England’s lost King Richard III may have just been found. For centuries, it has been a mystery where the king, who ruled England from 1483 to 1485, was buried after he was killed in the Battle of Bosworth. Now, a team of scientists plans to announce the results of genetic testing conducted on a body believed to be Richard’s.
According to the Associated Press, scientists from the University of Leicester will make the announcement on Monday.
Why has the king's burial site been unknown for 528 years?
Richard III ruled England during a particularly brutal period known as the War of the Roses, a decades-long struggle between his House of York and the rival Lancasters for the throne. Richard III became king following the death of his brother King Edward IV, and the proclamation that his child, counted in history as Edward V, was not legitimate and thus unable to become king.
Richard III was accused of murdering Edward and his little brother Richard, the "Princes in the Tower," in the Tower of London, the story told in Shakespeare's play. After only two years, he was killed at Bosworth Field by the army of a rival claimant to the throne, Henry Tudor, who took over as Henry VII.
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Richard III was said to have been buried by Franciscan monks at a monastery in Leicester, about 100 miles north of London. However, barely 50 years after Richard III’s death, Henry VIII broke from the Catholic Church and ordered all monasteries in the country dissolved.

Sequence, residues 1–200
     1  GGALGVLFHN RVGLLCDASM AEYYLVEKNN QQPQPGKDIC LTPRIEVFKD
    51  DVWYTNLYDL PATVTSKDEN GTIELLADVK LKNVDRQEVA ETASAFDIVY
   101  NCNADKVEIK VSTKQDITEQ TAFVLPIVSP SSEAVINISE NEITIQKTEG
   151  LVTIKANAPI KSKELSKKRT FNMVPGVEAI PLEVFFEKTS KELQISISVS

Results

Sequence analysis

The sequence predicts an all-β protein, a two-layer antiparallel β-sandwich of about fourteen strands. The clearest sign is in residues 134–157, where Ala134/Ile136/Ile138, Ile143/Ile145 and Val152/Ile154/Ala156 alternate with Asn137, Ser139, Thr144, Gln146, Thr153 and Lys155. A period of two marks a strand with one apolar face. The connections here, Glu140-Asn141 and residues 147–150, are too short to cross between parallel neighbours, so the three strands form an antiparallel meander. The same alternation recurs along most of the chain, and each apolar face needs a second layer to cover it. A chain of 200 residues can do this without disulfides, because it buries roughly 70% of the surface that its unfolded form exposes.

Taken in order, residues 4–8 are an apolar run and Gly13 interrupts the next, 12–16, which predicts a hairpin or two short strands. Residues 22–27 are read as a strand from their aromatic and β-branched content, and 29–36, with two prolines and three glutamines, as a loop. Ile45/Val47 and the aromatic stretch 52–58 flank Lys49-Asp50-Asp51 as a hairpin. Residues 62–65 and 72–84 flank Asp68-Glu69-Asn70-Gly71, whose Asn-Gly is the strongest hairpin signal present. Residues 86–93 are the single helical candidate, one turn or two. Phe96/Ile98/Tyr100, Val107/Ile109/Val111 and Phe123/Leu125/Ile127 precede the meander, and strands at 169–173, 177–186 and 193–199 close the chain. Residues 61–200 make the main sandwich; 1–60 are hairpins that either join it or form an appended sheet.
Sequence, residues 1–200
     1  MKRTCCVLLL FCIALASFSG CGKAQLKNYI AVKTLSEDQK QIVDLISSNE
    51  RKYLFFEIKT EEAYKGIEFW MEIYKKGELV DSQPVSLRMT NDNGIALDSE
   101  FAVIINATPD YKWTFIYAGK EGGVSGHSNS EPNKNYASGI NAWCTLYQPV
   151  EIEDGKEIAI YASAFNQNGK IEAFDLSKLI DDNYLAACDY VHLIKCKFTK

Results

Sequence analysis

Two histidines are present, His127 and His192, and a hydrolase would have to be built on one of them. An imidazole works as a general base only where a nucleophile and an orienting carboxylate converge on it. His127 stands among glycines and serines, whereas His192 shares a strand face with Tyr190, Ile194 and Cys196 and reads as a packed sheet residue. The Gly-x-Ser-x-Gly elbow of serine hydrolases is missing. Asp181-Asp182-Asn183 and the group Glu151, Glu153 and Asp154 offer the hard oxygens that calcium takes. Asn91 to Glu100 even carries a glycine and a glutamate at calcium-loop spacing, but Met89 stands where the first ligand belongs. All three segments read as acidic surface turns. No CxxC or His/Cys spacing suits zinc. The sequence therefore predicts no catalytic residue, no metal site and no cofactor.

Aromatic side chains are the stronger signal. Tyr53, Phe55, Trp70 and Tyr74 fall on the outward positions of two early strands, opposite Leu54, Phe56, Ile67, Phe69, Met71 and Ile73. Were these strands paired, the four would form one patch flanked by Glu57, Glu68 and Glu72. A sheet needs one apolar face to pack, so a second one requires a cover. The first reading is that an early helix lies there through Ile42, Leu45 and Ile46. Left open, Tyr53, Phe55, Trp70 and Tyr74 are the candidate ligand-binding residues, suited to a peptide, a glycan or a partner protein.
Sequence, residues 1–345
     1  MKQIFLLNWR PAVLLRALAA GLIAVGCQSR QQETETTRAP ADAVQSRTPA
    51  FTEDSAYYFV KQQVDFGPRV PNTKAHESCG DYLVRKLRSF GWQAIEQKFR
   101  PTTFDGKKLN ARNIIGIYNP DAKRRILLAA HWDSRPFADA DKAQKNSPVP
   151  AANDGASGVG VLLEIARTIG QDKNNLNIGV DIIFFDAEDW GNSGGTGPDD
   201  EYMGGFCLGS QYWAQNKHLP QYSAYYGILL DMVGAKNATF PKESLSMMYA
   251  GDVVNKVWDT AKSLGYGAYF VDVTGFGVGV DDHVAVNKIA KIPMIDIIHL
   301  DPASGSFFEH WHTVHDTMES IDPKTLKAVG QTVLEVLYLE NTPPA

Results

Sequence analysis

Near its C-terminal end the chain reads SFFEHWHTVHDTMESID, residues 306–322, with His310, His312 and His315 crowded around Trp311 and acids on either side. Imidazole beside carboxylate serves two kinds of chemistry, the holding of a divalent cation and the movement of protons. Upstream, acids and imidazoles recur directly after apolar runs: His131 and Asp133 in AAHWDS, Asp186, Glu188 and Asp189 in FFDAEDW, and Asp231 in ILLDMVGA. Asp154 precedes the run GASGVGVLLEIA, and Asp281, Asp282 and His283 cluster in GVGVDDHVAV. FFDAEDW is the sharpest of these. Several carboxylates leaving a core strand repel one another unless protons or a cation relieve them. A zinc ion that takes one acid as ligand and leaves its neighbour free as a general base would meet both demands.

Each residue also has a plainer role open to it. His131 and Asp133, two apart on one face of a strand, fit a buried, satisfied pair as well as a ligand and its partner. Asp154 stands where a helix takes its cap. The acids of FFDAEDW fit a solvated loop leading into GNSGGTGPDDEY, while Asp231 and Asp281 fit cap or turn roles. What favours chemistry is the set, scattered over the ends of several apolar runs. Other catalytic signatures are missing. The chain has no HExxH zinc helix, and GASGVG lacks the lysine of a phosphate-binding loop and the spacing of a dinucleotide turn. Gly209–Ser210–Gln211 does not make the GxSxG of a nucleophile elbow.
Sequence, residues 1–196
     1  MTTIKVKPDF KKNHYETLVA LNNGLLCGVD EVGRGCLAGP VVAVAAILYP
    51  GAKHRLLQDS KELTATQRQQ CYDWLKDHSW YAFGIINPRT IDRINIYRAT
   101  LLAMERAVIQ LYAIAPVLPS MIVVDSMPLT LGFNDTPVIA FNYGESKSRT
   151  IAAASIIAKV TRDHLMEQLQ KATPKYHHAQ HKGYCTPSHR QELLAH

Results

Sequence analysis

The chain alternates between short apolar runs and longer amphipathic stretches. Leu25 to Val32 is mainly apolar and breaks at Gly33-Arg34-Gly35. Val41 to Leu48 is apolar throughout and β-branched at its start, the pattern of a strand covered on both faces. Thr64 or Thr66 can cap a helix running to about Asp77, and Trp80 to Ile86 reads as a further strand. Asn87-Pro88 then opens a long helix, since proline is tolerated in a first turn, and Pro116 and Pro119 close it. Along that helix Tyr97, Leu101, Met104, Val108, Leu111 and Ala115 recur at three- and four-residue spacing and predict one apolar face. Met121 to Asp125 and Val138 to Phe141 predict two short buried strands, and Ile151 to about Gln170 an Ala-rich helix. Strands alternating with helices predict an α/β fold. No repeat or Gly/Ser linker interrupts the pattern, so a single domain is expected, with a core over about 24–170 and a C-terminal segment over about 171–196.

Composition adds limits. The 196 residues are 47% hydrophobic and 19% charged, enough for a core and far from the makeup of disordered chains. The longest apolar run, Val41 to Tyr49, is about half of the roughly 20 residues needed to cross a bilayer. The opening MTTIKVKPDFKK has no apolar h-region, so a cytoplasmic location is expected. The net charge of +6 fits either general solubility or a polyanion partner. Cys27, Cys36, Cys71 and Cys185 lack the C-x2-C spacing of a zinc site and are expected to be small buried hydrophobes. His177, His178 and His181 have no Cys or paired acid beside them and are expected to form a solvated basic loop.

Over time, people simply forgot where the monastery in Leicester had been, meaning that Richard III’s remains had seemingly been lost to the ages.
Dedicated teams of historians, scientists, and interested laymen have looked for Richard III’s grave for years, but none had turned up any conclusive evidence. Last September, however, a team from the University of Leicester announced they may have found him after five centuries.
Archaeologists found a body that, by all accounts, lines up almost exactly with historical descriptions of Richard III. The unknown man had clearly been killed in combat, just as Richard III was, as his skull was damaged and an arrowhead was found in the body’s vertebrate.
Archaeologists and fans of Richard III -- who maintain he was maligned by history -- hope that discovery of Richard’s remains will make the king more legitimate in the public’s eye. Lynda Pidgeon of the Richard III Society says that for years, the Tudors had slandered Richard III and made him out to be a villain in English history. It doesn’t hurt, she says, that Henry VII’s son, Henry VIII, was a bit more exciting of a king.
"With Henry VIII you've got six wives, sex and things going on," Pidgeon told the Associated Press. "It's a bit hard to compete with that when you are a bit more straight-laced, as Richard was."